Standards EMVA 1288 1288 defines a unified method to measure, compute and present specification parameters for cameras and image sensors used for machine vision applications. Application of this standard will benefit users of vision components by avoiding misunderstanding and reducing pre- and post- support cycles. The standard is elaborated by a consortium of the industry leading sensor and camera manufacturers, distributers and component customers and is hosted by the European Machine Vision Association (EMVA). For more information please visit www.standard1288.org. (2010 Automated Imaging Association)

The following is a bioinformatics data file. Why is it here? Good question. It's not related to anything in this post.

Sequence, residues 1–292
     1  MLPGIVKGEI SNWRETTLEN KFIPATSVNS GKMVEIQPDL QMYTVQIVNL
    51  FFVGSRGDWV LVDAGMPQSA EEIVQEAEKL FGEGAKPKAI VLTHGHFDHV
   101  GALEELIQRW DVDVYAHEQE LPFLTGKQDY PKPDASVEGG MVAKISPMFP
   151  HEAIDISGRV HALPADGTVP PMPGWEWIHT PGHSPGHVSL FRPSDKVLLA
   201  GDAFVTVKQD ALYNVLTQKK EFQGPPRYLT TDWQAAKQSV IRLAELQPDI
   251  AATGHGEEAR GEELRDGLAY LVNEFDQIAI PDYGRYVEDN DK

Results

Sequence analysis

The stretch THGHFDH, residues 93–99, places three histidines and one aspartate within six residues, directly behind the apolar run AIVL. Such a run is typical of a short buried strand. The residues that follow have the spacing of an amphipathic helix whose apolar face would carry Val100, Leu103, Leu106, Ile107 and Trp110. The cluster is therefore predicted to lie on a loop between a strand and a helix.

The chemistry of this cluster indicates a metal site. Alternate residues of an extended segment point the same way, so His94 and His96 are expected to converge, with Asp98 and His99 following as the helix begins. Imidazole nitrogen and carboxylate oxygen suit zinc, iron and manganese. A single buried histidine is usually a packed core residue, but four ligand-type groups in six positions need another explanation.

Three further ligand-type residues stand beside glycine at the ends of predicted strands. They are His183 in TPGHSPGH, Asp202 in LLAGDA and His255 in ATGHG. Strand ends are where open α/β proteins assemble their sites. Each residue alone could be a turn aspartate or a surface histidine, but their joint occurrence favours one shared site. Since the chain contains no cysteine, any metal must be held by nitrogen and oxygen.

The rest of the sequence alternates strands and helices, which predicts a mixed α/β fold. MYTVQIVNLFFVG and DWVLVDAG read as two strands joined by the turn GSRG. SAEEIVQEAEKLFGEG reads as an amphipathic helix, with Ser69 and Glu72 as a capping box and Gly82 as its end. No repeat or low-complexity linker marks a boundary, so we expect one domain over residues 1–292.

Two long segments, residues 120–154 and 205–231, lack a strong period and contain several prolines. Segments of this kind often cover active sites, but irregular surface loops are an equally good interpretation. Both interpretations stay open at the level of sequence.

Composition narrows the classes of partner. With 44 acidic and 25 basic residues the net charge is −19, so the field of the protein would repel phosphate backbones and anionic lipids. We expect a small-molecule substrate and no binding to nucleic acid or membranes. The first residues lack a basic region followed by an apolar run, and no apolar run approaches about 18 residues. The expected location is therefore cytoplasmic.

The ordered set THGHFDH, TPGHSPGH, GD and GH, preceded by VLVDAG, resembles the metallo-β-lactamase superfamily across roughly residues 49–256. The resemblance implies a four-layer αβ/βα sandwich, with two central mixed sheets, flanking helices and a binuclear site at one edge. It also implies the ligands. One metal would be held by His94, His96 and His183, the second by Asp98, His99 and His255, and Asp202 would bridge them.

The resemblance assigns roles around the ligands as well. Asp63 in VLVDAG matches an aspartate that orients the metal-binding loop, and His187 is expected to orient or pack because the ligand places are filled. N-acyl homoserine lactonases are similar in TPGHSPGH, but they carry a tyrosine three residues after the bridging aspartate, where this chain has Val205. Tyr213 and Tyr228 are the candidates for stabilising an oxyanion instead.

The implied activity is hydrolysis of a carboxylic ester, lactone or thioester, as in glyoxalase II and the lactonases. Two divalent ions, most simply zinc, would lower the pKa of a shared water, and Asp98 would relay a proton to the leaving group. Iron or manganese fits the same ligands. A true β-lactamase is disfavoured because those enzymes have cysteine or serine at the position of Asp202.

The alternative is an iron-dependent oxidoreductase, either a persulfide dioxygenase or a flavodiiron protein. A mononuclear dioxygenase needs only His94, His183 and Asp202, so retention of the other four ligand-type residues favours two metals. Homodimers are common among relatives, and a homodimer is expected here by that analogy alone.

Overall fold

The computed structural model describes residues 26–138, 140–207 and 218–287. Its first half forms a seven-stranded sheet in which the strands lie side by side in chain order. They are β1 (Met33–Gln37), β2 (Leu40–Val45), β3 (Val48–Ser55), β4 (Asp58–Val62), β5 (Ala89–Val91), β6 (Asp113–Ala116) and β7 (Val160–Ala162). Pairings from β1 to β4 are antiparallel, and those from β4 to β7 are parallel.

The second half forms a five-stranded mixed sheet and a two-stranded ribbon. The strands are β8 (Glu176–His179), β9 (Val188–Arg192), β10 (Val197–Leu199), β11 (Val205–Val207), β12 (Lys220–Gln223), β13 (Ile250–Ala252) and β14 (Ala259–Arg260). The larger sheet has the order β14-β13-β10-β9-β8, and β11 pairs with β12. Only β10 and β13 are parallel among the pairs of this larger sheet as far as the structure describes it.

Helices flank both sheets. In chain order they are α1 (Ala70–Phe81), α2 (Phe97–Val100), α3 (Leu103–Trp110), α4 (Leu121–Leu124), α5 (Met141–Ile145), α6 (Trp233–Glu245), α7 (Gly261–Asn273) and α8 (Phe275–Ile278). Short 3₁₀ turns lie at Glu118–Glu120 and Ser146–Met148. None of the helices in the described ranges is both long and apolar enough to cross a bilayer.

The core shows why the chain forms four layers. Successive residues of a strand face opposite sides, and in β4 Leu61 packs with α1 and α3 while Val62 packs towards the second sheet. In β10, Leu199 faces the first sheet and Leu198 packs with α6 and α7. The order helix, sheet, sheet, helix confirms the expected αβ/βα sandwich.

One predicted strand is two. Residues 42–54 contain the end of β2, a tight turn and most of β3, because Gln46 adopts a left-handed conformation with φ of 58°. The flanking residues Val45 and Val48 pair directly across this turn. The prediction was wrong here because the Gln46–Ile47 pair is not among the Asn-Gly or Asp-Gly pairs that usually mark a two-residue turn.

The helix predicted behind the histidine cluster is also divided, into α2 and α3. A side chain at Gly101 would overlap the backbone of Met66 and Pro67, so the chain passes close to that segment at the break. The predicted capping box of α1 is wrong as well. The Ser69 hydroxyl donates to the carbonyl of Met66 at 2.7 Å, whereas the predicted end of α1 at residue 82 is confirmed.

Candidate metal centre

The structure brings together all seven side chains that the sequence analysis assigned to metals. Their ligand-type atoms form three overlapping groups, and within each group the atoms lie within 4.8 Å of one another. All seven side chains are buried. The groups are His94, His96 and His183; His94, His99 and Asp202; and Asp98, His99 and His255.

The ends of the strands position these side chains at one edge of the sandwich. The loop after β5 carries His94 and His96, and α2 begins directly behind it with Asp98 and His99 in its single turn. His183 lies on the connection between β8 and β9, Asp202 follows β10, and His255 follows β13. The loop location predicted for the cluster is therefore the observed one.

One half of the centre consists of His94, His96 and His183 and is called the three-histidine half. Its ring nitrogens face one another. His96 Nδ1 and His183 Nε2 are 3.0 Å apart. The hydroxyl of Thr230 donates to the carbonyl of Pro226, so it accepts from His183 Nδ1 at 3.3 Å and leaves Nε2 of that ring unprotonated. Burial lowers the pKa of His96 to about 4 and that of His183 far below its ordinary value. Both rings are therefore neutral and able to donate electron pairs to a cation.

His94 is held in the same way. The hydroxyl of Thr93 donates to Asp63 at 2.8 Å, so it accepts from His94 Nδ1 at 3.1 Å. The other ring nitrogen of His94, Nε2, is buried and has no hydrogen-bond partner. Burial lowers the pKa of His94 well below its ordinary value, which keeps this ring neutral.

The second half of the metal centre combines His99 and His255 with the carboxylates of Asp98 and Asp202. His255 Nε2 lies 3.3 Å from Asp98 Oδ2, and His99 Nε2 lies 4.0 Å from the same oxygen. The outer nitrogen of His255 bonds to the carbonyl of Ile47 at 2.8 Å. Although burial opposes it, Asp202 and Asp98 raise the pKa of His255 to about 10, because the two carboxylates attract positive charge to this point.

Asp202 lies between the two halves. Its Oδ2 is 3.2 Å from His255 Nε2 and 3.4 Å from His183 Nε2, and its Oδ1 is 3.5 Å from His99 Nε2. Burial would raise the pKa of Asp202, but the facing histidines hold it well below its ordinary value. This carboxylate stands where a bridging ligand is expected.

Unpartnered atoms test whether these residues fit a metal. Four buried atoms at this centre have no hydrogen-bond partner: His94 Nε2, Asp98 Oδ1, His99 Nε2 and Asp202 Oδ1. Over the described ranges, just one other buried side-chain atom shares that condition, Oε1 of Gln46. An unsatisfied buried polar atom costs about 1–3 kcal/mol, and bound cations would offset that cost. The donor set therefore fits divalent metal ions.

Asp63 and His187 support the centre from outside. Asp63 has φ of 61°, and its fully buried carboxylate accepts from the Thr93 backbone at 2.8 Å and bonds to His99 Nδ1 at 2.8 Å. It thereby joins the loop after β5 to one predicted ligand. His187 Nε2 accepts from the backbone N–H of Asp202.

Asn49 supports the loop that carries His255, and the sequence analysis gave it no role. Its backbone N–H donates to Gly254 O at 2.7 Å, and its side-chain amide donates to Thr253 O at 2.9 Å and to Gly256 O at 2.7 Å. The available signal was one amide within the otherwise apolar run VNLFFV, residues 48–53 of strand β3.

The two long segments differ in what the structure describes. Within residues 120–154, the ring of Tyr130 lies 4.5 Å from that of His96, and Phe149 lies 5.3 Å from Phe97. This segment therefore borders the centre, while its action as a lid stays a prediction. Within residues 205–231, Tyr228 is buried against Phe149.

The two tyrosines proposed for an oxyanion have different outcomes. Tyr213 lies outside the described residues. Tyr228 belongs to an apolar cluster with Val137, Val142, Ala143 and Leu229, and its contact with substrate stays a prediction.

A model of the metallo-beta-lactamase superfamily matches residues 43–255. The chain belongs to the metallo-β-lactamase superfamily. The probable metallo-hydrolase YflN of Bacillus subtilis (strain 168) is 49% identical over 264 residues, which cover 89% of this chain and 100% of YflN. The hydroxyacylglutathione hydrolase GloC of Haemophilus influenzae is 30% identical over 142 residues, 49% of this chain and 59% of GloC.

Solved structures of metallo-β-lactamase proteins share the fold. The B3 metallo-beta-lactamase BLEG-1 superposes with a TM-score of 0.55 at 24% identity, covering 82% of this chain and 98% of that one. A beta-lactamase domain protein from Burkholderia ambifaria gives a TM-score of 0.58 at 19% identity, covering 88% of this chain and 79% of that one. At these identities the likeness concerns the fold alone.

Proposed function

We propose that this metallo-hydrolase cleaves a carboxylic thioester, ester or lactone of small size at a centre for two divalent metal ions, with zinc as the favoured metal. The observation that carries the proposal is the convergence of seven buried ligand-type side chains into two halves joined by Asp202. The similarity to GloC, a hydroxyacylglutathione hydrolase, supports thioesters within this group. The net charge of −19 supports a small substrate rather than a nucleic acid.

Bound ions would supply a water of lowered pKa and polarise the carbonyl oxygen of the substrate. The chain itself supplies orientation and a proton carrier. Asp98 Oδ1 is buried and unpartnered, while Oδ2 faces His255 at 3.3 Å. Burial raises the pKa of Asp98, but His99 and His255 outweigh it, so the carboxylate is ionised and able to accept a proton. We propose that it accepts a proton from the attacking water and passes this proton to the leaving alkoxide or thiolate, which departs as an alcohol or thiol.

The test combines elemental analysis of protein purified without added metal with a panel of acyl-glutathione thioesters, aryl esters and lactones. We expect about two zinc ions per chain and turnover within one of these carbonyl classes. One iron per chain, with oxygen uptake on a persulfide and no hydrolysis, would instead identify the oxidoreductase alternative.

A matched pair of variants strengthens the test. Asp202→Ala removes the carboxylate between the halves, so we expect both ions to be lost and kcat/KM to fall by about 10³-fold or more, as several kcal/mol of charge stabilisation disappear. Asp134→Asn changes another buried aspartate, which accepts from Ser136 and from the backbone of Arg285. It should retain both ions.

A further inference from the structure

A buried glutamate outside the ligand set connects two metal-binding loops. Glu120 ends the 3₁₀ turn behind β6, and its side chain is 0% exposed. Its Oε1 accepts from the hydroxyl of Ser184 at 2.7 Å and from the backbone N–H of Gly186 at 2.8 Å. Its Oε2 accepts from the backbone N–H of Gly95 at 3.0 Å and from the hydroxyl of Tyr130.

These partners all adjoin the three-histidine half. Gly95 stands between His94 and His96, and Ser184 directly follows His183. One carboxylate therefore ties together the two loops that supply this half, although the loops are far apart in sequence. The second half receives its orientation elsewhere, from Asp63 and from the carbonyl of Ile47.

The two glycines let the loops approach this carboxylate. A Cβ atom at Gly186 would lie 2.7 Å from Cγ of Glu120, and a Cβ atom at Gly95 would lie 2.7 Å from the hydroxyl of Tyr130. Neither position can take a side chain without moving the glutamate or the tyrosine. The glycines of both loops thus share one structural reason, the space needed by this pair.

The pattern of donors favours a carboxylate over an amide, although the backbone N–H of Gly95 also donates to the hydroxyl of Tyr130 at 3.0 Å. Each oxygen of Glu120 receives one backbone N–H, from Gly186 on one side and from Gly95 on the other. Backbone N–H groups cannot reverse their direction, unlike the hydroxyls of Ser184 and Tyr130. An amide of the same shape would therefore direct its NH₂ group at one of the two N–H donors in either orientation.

Standards GenICamTM The goal of GenICamTM is to provide a generic programming interface for all kinds of cameras. No matter what interface technology (GigE Vision, Camera Link, 1394 DCAM, USB, etc.) they are using or what features they are implementing, the application programming interface (API) should be always the same. The GenICam standard consists of multiple modules according to the main tasks to be solved: * GenApi: configuring the camera * Standard Feature Naming Convention (SFNC): recommended names and types for common features * GenTL: transport layer interface, grabbing images The GenICam standard group is hosted by the European Machine Vision Association (EMVA). For more information please visit www.genicam.org. (2010 Automated Imaging Association)